Litigators Amending Claims?

Patent prosecution bars are prophylactic provisions typically included in district court protective orders when there is a risk that a recipient of confidential technical information may use (inadvertently or otherwise) that information while prosecuting patent applications in related technology.  Prosecution bars eliminate this risk by preventing individuals who have access to technical information from directly or indirectly drafting, amending, advising, or otherwise affecting the scope of patent claims in a technical field related to the patents at issue.

Many prosecution bars are now written to cover PTAB proceedings, such as IPRs (since amendment is possible). However, whether district court litigators will be permitted to participate in PTAB proceedings may depend on the particular district where the subject patent is being litigated.

The Southern District of Florida recently considered whether a prosecution bar should preclude litigation counsel from advising or participating in potential claim amendments before the PTAB.  In DeCurtis LLC v. Carnival Corp. (here), the parties agreed that a prosecution bar was appropriate, but the accused infringer wanted to include the following provision:

Barred Persons (including counsel for the receiver [of technical information] may not participate, directly or indirectly, in drafting or advising on any amendments or alterations to any patent claim(s) in a reissue protest, post-grant review, ex parte reexamination or inter partes review.

The defendant asked that the specific attorneys representing Carnival in district court be precluded from affecting the scope of any claims in a post-grant proceeding.  Such protection was necessary, in defendant’s view, because Carnival’s counsel could “use knowledge of [defendant’s] highly confidential information, gained through the litigation process, in order to inform the drafting of new patent rights claiming an earlier priority date.”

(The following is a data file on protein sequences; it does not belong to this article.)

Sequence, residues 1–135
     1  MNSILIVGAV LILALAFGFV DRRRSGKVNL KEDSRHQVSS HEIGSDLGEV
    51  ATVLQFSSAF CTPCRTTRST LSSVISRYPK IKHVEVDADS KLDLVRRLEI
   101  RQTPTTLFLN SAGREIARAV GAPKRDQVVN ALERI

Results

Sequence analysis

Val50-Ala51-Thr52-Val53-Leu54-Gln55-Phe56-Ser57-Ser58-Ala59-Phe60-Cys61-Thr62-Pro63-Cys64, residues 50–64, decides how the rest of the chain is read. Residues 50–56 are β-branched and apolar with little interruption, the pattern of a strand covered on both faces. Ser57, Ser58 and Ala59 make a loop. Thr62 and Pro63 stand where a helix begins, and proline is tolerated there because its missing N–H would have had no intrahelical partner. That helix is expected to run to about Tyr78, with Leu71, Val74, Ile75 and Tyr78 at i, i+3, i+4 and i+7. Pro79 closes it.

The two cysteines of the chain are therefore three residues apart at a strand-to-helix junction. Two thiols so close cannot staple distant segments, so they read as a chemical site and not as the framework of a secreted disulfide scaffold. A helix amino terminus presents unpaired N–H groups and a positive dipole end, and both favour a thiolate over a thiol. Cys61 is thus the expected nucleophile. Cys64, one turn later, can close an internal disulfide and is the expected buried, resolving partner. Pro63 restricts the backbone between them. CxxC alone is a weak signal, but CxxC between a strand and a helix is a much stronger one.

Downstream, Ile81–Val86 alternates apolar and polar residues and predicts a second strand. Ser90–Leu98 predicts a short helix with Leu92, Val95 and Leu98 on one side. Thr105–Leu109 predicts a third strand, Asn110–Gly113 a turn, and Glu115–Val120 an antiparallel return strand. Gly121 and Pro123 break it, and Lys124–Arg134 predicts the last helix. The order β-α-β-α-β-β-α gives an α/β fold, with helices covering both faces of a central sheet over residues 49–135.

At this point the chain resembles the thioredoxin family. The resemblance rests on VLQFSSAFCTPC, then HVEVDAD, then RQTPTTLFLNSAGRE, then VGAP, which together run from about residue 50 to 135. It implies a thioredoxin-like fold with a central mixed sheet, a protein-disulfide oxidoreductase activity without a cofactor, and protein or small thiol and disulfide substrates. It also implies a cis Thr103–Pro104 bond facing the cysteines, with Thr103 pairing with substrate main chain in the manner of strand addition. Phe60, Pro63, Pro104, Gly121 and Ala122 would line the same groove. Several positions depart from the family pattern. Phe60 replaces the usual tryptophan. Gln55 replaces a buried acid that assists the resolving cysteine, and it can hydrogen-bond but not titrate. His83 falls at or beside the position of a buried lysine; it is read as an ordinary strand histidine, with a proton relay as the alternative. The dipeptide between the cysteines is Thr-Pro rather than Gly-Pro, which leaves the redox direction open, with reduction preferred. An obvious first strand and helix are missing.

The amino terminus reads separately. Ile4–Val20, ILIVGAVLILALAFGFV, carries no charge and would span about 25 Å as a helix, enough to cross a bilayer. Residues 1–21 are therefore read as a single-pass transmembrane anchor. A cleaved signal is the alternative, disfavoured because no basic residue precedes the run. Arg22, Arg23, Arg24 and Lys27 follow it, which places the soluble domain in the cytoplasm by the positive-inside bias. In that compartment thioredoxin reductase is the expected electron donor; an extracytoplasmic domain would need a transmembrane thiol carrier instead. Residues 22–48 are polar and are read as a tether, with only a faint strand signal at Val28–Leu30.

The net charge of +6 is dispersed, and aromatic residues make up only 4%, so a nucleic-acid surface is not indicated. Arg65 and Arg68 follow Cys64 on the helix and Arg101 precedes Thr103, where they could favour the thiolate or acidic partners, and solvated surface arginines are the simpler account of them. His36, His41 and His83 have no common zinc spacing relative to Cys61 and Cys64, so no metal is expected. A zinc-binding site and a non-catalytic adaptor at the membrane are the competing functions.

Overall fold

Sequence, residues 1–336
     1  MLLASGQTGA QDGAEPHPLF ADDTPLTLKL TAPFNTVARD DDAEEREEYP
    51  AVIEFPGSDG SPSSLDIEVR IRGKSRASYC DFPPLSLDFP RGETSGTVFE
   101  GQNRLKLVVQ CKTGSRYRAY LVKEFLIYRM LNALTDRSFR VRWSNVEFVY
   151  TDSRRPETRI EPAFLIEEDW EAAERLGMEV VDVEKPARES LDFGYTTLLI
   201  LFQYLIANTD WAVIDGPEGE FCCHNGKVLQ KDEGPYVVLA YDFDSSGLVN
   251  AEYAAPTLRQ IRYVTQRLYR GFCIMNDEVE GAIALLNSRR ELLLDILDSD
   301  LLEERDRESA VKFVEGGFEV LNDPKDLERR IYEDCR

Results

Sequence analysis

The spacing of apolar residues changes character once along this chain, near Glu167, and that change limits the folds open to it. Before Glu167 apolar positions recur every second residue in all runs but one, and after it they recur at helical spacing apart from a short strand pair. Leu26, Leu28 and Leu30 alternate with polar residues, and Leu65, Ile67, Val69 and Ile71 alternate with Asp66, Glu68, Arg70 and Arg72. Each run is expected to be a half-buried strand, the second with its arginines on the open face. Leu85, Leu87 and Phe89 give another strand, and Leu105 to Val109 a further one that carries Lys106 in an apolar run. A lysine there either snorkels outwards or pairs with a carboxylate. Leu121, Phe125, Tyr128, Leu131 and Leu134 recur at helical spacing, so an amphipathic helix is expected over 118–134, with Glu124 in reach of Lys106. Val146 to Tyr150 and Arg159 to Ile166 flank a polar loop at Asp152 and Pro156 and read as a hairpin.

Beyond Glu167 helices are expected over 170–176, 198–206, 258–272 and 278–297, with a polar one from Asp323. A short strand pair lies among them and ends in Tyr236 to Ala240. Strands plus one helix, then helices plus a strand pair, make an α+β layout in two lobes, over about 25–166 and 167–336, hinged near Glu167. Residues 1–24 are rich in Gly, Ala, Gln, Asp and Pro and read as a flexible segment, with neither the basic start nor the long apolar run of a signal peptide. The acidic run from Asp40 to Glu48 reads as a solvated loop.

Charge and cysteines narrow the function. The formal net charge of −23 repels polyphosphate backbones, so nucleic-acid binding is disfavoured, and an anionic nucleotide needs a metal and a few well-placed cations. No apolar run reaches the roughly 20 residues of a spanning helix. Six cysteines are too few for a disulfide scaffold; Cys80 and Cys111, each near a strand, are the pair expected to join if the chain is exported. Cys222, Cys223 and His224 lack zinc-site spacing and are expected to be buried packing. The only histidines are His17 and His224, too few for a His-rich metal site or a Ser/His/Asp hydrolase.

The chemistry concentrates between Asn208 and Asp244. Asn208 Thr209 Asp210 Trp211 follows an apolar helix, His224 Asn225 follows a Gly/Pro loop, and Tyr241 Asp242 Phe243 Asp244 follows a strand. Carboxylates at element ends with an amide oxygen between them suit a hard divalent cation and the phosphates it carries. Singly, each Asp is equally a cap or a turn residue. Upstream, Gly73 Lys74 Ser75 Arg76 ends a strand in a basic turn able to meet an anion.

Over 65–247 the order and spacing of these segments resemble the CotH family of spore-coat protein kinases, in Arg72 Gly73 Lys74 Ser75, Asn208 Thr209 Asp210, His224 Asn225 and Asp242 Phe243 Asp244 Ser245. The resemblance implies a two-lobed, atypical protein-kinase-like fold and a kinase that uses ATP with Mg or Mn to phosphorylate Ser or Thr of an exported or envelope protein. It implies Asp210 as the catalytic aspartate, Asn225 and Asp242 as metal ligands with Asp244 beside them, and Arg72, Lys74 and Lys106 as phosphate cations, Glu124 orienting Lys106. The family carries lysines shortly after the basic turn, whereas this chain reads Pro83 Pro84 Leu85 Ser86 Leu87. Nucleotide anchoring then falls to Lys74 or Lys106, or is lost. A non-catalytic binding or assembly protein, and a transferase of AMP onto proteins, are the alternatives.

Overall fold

Carnival opposed including this provision.  Specifically, Carnival was “concerned that DeCurtis would use the protective order to attack Carnival’s patents in an adversarial process before the Patent Office and that defendant, unlike Carnival, could use any counsel that it desires.”  Carnival further argued that the agreed upon aspects of the prosecution bar already provided sufficient protection to defendants technical information.

The court agreed with defendant and granted its motion.  In doing so, the court recognized a distinction between older and newer lines of prosecution bar decisions:

Older cases have generally held that prosecution bars can be extended to include reissue proceedings, but should not encompass reexamination. . . . [¶] On the other hand, a newer line of cases recognizes that even in a reexamination proceeding, a patent owner can use confidential information to restructure or amend its claims so as to improve its litigation position against alleged infringers.  These decisions recognize that drafting, amending, restructuring, or otherwise participating in reexamination proceedings may constitute competitive decision-making, as the Federal Circuit contemplated in In re Deutche Bank.  Thus, more recent cases have prohibited litigation counsel who have access to the opposing party’s confidential information from participating in any way in post-grant proceedings regarding the same patents that were at issue in the litigation.

The court found the newer line of cases more compelling because “a prosecution bar should . . . cover the whole universe of confidential information disclosed, and prohibit the full category of patent activities in which that information might be inadvertently used.”  In reaching this conclusion, Judge Torres notably declined to follow his own decision from a 2012 case “because it never considered the possibility that a patentee could strategically narrow a claim in an IPR proceeding to read directly onto a competitor’s technology while avoiding prior art.”

As I pointed out in 2011, a stricter viewpoint is more prudent given the realities of post-grant claim changes. Moreover, many of the PTAB amendments I have seen are riddled with 112 issues introduced by patent owner attorneys that haven’t amended a claim in decades (if at all).  Assuming other district courts follow the Southern District of Florida’s reasoning, it is critical for patent owners to identify both district court and PTAB counsel before filing suit to prevent being caught flat-footed by a patent prosecution bar that may limit PTAB counsel options.